Sophia Elise – again, I met Sophia through the NZ Art Guild, which she is manager of. One of the reasons I follow Sophia is the sheer generosity and kindness with which she treats other artists; she has a spirit worth knowing. Tony and I are the proud owners of a work by Sophia, which isn’t quite in our hands as yet…

Michelle Ward – I have been following Michelle for a number of years, having first seen her work in a Somerset magazine. I follow her because she is very inspirational, freely sharing her techniques with her followers, and challenging people to push themselves artistically. I don’t own any artworks by Michelle, but I do own some of her rubber, and I try to participate in her online challenges most months at the GPP STreet Team site.

Tina Mammoser – Again, Tina is someone whose blog I have been following for years. And yes, I own a small work by Tina and love it. I always enjoy reading about Tina’s process and admire her work ethic as a self-supporting artist. The other thing I like with Tina is that she seems to have this clear vision of what she creates and why, and that appeals to me.

Rebecca Crowell – this is a blog I’ve been reading for about two years. Rebecca has a restrained palette and creates works with this amazing sense of depth and texture. I wish I could see one in real life. I love reading about her process, and the way in which she works through any obstacles in the process of creation. The final results have a real sense of age about them.

Babs Wilson – yes, it’s a blog I have been reading for a long time too! Babs creates fabulous works but, more than that, she feels real joy in the process and shares that joy with exuberance. I love reading about her adventures in creating and her playful artistic spirit. I own a small piece by Babs which I treasure.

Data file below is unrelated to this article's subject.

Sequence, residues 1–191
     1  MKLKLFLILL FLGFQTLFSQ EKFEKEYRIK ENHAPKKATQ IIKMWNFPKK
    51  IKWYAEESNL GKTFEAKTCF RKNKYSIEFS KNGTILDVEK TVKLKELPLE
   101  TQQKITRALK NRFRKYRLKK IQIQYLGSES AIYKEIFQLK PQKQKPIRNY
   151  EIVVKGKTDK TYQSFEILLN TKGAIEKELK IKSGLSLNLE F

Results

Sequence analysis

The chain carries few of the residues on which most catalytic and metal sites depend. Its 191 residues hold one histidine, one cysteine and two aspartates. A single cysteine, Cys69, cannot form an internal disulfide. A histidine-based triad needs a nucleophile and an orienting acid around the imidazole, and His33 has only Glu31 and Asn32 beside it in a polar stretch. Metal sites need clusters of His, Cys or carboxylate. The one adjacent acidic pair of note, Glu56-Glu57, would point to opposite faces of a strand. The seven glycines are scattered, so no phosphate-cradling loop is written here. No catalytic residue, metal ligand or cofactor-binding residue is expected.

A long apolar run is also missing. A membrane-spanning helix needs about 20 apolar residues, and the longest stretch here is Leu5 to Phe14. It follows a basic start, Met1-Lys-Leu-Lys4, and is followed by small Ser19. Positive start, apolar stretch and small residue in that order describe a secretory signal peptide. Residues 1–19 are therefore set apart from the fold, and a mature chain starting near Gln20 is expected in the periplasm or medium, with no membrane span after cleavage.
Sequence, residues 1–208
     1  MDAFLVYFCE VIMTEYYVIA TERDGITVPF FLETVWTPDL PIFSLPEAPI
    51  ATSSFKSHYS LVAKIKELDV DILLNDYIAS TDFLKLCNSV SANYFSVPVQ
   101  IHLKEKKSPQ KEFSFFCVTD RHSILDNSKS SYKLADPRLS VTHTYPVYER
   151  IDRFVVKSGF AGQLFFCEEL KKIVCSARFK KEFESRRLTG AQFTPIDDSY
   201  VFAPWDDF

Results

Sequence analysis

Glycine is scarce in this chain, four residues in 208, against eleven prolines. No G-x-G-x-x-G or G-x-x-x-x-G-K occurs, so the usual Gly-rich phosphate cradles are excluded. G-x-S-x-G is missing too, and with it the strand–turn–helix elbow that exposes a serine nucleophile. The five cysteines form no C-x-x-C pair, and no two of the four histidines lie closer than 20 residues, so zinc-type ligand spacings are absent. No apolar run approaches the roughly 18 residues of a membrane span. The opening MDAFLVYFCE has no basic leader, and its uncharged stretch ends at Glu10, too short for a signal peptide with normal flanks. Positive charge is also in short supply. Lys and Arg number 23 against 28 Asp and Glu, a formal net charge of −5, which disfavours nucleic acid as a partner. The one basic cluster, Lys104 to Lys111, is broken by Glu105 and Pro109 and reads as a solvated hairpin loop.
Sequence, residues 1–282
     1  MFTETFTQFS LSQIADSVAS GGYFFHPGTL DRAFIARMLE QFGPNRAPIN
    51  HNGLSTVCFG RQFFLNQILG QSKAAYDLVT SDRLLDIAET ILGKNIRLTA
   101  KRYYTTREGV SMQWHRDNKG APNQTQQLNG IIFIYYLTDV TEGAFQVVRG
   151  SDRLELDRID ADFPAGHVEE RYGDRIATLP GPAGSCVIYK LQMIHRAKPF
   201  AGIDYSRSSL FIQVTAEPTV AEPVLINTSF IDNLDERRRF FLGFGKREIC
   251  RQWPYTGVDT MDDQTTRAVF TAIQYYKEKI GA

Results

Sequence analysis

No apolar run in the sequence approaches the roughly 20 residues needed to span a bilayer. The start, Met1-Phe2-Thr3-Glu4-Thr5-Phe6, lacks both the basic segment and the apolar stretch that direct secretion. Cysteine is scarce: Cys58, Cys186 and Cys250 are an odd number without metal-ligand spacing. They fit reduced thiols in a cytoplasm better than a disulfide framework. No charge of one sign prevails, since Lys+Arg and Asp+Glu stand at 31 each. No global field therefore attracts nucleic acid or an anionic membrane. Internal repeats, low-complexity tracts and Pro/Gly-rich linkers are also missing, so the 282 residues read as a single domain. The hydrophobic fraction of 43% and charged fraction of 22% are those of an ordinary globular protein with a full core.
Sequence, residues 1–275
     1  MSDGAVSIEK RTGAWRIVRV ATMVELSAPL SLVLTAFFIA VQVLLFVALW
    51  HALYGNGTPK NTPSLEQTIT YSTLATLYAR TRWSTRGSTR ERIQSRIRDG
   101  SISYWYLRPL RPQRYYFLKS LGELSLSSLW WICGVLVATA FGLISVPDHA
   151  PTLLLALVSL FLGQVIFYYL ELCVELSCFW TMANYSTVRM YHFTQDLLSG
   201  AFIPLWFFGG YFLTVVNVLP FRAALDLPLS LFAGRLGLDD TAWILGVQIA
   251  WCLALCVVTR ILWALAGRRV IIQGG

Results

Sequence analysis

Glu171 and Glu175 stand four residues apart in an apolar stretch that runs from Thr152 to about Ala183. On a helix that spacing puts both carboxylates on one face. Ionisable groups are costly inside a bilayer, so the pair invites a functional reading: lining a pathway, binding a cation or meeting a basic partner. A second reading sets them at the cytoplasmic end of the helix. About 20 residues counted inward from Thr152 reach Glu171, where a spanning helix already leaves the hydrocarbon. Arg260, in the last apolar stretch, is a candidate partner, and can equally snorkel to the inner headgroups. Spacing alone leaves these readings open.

When I look back at this short list a couple of points stand out for me; I love it when other artists talk about their process and I am consistent in what I like and why I follow. If I enjoy a blog and develop a relationship with the artist (comment by comment by comment) I am more likely to end up owning a piece of their work. What does this mean for me? In all likelihood, I should describe my process, because people like me care about the process of creation. And building relationships with people is what it’s all about in the end, whatever the setting – gallery, blog, weekend sales table, website…

Handmade Christmas gifts


This year I have had a few works done as prints for family members, and they have come up really well. I find Snapfish, here in New Zealand, do quite a good job. But there’s one gift I wanted to make from scratch. My sister and brother-in-law are devotees of Sri Chinmoy and meditate every day; they also love the sea and going diving. I am a bit inclined to scoff, being cynical by nature, but all the same I totally support their right to do whatever makes them happy. I wanted to make a prayer flag for Jim, but ran out of time. So I came up with the idea of Sri Chinmoy quotes on three small canvases, with a sea background. I rubber stamped the fish because part of their guru’s philosophy is about simplicity and accepting imperfection as being perfect. (or something like that…) The photos show the mess of creation, including on my hands, and then one of the finished canvas. I just hope he likes them and understands what I was trying to say to him.

Canvas – time to buy some new ones

Gordon Harris Art Supplies in Wellington has these great ‘Museum’ brand canvas; heavy duty, well constructed, tight canvas. I love them. I’m going to be exhibiting in May next year with some other Kiwi artists – details to come in another post – but for now let’s just say I want some new canvas. $400 worth, which is not too bad, except that it’s Christmas time (as in, we’re spending money on presents, not canvas). Perhaps Tony wants to buy me 4 canvas for Christmas and birthday combined?